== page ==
How do we Study the Internal Structure of Plants?

            Have you ever glanced through a microscope in your school laboratory? If you look at a slide of plat stem through the microscope, you will be amazed to see the minutest details in cell. Botanists study the internal structure of plants mainly by examining their cross-sections under a microscope. These thin slices can tell us a lot about the structure of the cells that make up the plant and how they vary in different parts of the plant.

Internal Structure of Plants

            In 1665, a scientist named Robert Hooke looked at a piece of cork under microscope and saw that it was made up of many tiny compartments. He named them cells and this term has been in use eve since. The equipments needed for obtaining the sections include a sharp razor, a small fine brush and a number of watch glasses and microscopic slides.

            The sharp razor is used to cut off thin slices of plant stem as required. Cross-sections as well as the longitudinal pieces are obtained in the same manner. In case of fresh material, to obtain best results, the razor and the material must be kept moist with water. It should be cleaned with alcohol if the specimen is a preserved one.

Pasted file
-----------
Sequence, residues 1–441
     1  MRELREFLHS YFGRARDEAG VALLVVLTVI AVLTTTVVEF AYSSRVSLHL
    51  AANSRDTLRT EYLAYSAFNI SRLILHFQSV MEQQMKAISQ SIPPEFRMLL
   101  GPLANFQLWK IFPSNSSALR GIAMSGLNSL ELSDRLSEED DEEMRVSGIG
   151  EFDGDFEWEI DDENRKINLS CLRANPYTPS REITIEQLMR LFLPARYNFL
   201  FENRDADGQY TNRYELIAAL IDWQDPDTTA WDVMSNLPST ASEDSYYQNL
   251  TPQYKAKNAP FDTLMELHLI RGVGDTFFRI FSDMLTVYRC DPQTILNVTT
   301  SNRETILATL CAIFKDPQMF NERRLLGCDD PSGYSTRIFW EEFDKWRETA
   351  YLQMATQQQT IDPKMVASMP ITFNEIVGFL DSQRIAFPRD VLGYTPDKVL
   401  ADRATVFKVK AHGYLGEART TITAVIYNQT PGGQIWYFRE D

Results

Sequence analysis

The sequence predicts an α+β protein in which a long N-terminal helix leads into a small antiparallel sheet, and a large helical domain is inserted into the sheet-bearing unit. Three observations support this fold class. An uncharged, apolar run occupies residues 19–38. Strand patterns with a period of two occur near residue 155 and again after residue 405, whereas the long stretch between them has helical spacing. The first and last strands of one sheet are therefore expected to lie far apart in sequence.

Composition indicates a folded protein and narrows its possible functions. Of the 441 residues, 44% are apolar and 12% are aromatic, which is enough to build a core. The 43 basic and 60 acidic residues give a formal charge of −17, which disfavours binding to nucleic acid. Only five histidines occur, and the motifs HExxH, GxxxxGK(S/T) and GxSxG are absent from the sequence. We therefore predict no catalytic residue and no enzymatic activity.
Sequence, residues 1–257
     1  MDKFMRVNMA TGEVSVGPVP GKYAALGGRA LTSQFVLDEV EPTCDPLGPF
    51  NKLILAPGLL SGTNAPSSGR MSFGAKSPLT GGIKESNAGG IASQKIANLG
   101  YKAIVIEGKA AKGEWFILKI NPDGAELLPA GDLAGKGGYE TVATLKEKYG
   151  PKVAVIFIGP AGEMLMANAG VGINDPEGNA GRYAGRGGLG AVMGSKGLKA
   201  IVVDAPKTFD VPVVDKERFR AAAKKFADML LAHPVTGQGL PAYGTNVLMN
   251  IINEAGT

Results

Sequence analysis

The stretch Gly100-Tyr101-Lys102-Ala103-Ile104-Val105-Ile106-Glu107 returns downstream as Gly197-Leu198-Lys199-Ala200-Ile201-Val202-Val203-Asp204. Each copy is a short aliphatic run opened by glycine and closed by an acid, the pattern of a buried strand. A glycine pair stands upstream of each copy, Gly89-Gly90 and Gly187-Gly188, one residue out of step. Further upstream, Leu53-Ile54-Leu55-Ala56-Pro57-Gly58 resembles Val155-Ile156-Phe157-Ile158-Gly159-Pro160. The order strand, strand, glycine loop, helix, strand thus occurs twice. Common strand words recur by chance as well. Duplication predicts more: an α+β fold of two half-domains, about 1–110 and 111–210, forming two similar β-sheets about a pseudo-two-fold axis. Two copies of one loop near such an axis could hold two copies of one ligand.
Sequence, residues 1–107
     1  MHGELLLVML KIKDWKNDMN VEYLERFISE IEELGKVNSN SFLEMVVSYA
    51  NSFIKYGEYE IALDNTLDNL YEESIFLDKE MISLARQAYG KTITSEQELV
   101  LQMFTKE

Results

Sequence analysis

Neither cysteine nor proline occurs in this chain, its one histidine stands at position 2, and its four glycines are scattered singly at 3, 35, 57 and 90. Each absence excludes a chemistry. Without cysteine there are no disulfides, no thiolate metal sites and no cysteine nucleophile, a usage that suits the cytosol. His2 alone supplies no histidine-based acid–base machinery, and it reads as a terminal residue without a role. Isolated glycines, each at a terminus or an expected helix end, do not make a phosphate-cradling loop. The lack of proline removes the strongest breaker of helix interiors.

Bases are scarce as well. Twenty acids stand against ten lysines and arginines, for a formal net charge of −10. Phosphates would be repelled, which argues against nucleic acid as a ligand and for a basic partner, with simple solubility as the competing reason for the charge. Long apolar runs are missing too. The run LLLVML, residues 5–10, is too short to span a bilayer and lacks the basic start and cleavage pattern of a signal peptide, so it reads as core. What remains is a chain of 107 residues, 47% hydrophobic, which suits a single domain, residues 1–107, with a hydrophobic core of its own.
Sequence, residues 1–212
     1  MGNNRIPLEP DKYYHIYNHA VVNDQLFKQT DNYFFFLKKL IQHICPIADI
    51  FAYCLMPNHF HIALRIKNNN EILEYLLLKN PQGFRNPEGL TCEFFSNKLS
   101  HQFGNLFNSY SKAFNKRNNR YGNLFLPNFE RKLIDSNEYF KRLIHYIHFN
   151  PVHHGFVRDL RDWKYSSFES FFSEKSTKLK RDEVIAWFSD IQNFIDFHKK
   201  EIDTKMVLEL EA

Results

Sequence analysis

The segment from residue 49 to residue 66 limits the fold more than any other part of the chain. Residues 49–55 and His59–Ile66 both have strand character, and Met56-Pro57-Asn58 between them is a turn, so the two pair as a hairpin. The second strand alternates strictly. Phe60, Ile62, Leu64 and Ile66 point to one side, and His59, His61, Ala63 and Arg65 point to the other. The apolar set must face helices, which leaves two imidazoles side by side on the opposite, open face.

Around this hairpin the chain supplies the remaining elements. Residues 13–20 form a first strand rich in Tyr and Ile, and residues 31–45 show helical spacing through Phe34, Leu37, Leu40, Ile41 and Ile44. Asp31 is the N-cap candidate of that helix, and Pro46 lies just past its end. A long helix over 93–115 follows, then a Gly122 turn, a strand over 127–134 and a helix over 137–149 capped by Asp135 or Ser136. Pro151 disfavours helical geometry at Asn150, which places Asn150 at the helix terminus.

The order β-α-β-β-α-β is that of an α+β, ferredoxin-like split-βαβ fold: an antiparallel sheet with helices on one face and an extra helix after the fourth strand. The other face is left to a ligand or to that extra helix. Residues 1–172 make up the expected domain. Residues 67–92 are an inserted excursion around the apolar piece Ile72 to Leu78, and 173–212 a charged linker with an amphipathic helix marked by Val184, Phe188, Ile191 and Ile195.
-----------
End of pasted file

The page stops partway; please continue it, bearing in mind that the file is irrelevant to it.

To prevent shrinkage, the sections are brushed with water or alcohol. For quick examination, the sections are placed on a slide with drop of glycerin. The thin ones that show the cells clearly can be obtained for permanent use.

            Staining is a process of adding dyes to observe the various tissues in different colors. The razor-cut sections are placed in alcohol and then dipped in a mixture of stains and alcohol.

            After some time, the sections are transferred to a series of watch glasses full of alcohol. This removes water and the excess stain. The alcohol is removed by dipping the sections in clove oil or benzene. The section is then placed on a clean glass slide with a drop of Canada balsam resinous glue). A thin glass is added as a cover ship and sealed by warming the balsam of harden it. The slide, properly labeled, can then be stored and examined whenever required.

            Details of time exposure for staining varies with the stain and materials used. The information can be collected form a textbook or worked out by practice. In laboratory analysis, many modern techniques are being adopted for in-depth studies on the subject.